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VanRoekel, in a blog post, said responses to a government-issued "request for technical capabilities" are due March 8 from tech vendors with products and services geared to federal requirements.
The mobile device management (MDM) plan is tied to the Obama administration's Digital Government Strategy, which was introduced last May with a goal of making government information and services available "anytime, anywhere" in the form of mobile applications. To do that, federal agencies need tools to provision and secure devices, authenticate users and deploy apps.
The Digital Government Strategy requires agencies to "set up a government-wide mobile device management platform." The General Services Administration is taking the lead on the strategy and issued a request for technical capabilities in early February.
[ Wonder what VanRoekel sees as the biggest challenge to efficient government IT? See Federal CIO Q&A: Security, Sequestration And More. ]
Although adoption of MDM products and services is still in the early stages, the government has "a small window of opportunity to avoid fragmented buying across federal agencies and programs, and help shape this emerging space to meet the broadest needs," said VanRoekel. "As we adjust to this new digital world, we need to seize the opportunity to procure and manage devices, applications and data in smart, secure and affordable ways."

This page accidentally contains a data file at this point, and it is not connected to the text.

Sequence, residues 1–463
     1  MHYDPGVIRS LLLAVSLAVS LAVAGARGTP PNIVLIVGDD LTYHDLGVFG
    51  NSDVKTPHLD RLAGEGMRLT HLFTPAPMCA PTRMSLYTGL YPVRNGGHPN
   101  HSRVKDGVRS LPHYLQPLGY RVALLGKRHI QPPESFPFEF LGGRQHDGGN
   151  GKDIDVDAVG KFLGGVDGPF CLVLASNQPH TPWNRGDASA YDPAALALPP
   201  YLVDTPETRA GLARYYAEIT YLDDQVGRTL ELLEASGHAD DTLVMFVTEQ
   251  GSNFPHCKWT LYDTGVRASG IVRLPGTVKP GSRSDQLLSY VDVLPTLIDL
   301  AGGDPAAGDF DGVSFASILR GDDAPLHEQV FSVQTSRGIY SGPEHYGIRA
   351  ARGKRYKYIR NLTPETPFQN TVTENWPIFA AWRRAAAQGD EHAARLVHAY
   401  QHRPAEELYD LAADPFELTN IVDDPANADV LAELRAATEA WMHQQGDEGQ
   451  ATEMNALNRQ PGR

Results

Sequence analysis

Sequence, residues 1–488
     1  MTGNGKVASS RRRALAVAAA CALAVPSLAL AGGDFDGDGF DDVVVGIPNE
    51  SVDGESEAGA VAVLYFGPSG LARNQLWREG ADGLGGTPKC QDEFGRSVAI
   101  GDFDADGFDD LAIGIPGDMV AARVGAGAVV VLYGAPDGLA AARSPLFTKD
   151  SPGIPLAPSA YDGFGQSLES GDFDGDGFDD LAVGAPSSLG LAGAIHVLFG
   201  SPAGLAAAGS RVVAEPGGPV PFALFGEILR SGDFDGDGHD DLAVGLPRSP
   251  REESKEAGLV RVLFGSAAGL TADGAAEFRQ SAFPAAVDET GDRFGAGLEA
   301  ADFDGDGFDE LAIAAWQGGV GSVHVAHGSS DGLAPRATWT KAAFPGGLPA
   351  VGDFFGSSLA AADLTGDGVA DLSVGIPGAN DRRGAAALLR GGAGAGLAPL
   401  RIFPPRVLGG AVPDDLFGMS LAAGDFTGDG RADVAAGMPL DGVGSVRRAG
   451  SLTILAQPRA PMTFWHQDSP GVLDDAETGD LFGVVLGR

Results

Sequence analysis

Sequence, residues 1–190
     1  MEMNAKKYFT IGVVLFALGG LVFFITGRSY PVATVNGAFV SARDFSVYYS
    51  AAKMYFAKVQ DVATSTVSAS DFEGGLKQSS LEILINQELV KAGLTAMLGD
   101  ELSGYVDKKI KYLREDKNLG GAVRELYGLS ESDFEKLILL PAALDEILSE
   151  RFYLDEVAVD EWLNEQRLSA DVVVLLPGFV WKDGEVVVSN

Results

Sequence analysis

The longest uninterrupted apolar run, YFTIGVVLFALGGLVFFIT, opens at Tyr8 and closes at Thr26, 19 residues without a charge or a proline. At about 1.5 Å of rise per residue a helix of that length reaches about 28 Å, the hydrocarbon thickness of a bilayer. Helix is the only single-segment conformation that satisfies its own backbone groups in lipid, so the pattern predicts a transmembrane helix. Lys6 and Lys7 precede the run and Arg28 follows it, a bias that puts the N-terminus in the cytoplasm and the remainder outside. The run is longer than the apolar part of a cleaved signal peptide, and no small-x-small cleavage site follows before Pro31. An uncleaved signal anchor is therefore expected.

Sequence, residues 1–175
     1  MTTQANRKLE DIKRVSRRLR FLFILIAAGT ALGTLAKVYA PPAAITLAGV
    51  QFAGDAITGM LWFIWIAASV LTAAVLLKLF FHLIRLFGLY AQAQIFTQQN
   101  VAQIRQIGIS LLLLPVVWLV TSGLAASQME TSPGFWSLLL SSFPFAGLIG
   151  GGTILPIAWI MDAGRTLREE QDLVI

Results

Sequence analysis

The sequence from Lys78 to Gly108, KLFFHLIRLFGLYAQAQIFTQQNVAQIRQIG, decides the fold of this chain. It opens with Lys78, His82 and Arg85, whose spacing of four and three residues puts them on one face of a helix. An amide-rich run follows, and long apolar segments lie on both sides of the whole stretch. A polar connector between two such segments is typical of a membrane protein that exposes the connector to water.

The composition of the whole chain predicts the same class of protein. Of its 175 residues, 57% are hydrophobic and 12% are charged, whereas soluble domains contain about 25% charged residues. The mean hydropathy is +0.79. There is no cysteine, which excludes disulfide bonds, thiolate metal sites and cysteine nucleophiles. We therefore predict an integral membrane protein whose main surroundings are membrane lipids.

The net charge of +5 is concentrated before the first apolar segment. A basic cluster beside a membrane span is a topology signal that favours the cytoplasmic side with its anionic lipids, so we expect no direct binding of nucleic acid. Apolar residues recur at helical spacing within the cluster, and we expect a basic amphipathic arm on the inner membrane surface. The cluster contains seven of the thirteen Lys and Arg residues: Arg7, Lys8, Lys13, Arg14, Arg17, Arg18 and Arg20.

GSA's technical request focuses on three areas: MDM, mobile application management and mobile life-cycle management. The list is split into required and desired capabilities. Required capabilities include general security and privacy functions, device enrollment, data management and performance and compliance reporting. Security is also a priority for mobile application management, in addition to application deployment and a mobile app store. Mobile lifecycle management encompasses installation and operations support.
Technologies that strike a balance between security, cost and functionality will have the most value to the agencies, according to GSA's request. It cites an example of a user losing a mobile device and the device manager being able to enter the user's name, retrieve the device ID, disable it and notify the provider to terminate the service -- all from one interface.
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